Fiscally responsible people make an effort to save a portion of every paycheck. This is what many refer to as “paying yourself first.” By doing this, you demonstrate having good financial priorities and goals.
The alternative would be living paycheck to paycheck, making others rich without ever getting ahead yourself.
Check out this article for some tips on saving money from your salary.
6. You track your spending
Tracking your spending is another clear sign of fiscal responsibility since it means you’re availing yourself of the information required to keep up with your goals.
This is especially important if you regularly spend with credit. After all, chances are your available credit greatly exceeds your monthly income, making it possible to shoot past your budget without even noticing.
Irresponsible individuals often avoid using trackers, however, because they fear having to confront their habits and make changes to them, especially if they know they’ve been living beyond their means.
You can’t fix what you can’t see, though, so get over this trepidation and take a peek under the hood.
7. You have financial goals
Having financial goals is a sign of fiscal responsibility because it shows you’re engaged.
Now, many people have goals involving money that aren’t actually properly thought-out financial goals. Allow me to explain.
Say you really want to buy a car. Great! However, in and of itself, that is not a financial goal. In fact, thousands of people buy cars without thinking about the financial aspect until they get into the dealership.
Fiscally responsible people, however, carefully consider the monetary ramifications and consider factors such as how much of a down payment they need to save in order to reasonably limit the amount of debt required for their purchase.
Of course, financial goals don’t always have to involve making a purchase. For example, you may aim to hit a certain amount of money in your brokerage account or something of that sort. Whatever the case may be, having goals is very healthy and responsible.
8. You know your net worth
A fiscally responsible individual knows their net worth and refers to it when making financial decisions.
This differs from how fiscally irresponsible people often make decisions, which is by focusing on their income alone.
At face value, this may not seem like an important distinction. However, paying attention to your net worth is important because it indicates whether you’re growing financially or running in place while making others rich.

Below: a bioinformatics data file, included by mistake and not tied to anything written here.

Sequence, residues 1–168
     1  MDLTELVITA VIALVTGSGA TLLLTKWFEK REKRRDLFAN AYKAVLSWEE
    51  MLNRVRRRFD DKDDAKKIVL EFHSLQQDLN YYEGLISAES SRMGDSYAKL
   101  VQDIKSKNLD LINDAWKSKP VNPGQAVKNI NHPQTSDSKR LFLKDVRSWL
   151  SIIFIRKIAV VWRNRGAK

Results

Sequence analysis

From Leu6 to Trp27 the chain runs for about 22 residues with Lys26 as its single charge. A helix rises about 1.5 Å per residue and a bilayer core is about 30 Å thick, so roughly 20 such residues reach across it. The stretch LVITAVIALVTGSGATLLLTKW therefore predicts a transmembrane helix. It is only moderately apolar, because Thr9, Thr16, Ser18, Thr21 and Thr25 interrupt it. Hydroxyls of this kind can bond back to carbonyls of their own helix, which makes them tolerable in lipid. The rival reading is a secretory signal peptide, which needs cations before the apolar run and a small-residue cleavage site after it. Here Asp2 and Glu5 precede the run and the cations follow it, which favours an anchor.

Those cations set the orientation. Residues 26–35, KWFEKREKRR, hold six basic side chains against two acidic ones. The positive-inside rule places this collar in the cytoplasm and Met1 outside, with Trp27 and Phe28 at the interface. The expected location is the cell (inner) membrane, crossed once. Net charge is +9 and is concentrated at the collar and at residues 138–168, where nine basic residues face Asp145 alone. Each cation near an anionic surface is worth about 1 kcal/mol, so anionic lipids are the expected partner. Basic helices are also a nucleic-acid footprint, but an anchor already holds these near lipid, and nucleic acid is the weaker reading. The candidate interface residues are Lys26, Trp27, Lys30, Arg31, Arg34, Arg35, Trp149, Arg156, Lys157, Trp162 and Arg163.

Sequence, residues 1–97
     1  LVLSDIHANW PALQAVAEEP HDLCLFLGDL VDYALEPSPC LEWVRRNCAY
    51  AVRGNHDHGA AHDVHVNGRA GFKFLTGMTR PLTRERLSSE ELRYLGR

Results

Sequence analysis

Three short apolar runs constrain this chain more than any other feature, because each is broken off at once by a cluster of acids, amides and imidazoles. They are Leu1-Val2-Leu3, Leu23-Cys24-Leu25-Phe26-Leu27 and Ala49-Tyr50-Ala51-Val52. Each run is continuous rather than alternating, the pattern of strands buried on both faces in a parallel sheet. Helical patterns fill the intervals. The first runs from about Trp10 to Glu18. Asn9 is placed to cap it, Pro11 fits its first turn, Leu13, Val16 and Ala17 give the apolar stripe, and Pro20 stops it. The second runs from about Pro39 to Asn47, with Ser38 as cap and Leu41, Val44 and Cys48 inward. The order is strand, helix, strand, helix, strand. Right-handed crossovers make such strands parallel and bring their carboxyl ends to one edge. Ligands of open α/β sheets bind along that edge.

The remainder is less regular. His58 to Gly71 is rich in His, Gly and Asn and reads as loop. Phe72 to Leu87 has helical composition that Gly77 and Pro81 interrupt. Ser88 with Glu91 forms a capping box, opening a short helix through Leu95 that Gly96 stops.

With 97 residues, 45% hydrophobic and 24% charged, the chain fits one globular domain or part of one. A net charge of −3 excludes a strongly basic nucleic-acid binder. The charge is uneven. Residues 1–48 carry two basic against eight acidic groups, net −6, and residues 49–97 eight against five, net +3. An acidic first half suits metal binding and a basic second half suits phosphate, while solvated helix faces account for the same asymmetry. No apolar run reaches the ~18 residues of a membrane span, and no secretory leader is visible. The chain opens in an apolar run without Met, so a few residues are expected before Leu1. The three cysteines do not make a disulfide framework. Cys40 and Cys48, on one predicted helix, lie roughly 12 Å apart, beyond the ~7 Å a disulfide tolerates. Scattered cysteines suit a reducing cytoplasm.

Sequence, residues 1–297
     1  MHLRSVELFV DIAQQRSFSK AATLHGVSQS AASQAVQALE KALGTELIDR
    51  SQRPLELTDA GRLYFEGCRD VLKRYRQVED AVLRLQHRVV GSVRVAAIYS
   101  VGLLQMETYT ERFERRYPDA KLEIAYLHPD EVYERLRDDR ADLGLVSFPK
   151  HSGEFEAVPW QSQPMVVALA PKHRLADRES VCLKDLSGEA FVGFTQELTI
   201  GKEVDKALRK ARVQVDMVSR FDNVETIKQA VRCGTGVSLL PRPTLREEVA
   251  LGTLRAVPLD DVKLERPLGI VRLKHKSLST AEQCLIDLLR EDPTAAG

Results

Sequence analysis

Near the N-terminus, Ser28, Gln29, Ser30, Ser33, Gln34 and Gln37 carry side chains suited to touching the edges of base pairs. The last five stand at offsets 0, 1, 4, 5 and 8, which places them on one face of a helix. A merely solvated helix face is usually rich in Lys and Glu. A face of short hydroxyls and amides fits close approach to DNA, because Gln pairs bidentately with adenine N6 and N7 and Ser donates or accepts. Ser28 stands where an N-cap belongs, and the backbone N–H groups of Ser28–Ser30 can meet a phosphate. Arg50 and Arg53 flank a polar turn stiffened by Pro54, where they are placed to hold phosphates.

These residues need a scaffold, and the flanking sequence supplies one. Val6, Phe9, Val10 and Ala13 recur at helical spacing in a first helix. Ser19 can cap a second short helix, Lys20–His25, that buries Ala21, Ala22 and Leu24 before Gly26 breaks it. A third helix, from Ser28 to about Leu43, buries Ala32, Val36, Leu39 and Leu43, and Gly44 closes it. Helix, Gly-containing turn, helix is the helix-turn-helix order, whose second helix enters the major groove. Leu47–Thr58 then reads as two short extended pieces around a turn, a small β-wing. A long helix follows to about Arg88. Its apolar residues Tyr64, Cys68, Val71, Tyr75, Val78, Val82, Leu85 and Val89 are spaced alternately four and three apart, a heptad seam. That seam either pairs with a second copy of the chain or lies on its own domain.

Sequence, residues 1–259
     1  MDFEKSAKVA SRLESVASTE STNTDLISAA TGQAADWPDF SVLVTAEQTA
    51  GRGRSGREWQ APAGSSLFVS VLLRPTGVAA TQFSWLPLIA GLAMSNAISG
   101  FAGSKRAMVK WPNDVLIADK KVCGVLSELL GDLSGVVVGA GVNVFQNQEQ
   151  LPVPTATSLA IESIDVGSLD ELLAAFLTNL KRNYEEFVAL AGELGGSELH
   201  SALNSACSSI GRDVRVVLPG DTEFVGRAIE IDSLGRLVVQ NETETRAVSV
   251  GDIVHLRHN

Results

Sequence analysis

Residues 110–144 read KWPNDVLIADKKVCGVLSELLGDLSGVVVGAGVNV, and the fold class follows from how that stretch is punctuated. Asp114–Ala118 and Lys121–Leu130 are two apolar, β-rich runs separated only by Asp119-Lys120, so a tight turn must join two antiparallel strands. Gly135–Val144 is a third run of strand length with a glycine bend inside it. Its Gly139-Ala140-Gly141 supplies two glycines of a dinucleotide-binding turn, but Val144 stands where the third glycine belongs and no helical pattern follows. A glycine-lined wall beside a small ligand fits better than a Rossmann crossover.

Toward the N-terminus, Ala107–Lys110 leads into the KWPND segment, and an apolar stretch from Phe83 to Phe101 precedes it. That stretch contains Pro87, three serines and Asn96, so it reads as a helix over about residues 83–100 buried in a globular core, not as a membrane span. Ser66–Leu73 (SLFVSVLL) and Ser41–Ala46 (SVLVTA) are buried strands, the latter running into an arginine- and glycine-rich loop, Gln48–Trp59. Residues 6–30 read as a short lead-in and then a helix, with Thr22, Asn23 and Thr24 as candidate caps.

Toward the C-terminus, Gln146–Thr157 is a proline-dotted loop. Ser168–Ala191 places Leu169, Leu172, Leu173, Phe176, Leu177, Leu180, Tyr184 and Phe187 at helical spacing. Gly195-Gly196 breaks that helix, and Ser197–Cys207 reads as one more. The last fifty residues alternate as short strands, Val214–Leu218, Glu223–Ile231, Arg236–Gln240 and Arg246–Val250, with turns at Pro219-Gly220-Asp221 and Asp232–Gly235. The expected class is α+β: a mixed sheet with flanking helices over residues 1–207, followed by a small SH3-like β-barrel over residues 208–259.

It keeps you from thinking you can afford something simply because the monthly payment seems reasonable. Rather, you focus on how a potential purchase fits into your overall financial picture and whether you’re biting off more than makes rational sense.
Calculating your net worth is really simple. All you need to do is subtract your liabilities from the value of your assets. Liabilities consist of any debt you owe (i.e. credit cards, mortgages, etc). Assets include cash, stocks, and any other thing of value you own.
So if you had a $20,000 car loan, $40,000 in student debt, $3,000 in credit card debt (all liabilities) and a $100,000 401k, your net worth would be $100,000 subtract $63,000 for a total of $37,000.
9. You’re investing
Fiscally responsible people invest because they understand money has potential. It’s not so much that they see investing as a huge chore and sacrifice but rather a wise long-term play.
Irresponsible people, on the other hand, see money as simply a means to an end. They limit themselves to thinking about investing as being only for people with millions of dollars and degrees in finance.
This is one of the biggest hurdles on the path to fiscal responsibility given how easy it is to overcomplicate investing. In fact, I’m certain that if people knew how simple it actually was, they’d be investing a lot more.
It’s very important to draw a distinction between investing (which is responsible) and speculating (which isn’t).
Investing means holding quality assets for the long-haul while speculating involves attempting to day-trade and turn a quick profit, which is very difficult and statistically unlikely.
10. You’re constantly improving
Fiscal responsibility isn’t something you achieve once and then never have to think about again. It requires constantly reviewing your progress and looking for ways to improve.
Fiscally responsible people do this even though it’s very easy to make excuses and avoid accountability.
This point is closely related to several others on this list. When it comes to budgeting and investing, in particular, it’s imperative that you reevaluate every now and again to ensure prior decisions accurately reflect your current situation.
Of course, if you’re reading this article, there’s a decent chance you care about your finances and want to improve how you handle them. If so, you’re already doing well!
As mentioned at various points in this article, fiscal responsibility is a process. Very few people do everything on this list successfully 100% of the time.
However, as long as you’re moving forward and keeping yourself financially accountable, you’re doing well. Take the 10th point to heart and keep improving.
Check out more of my articles about personal finance here. I hope they’ll help you become a more fiscally responsible person!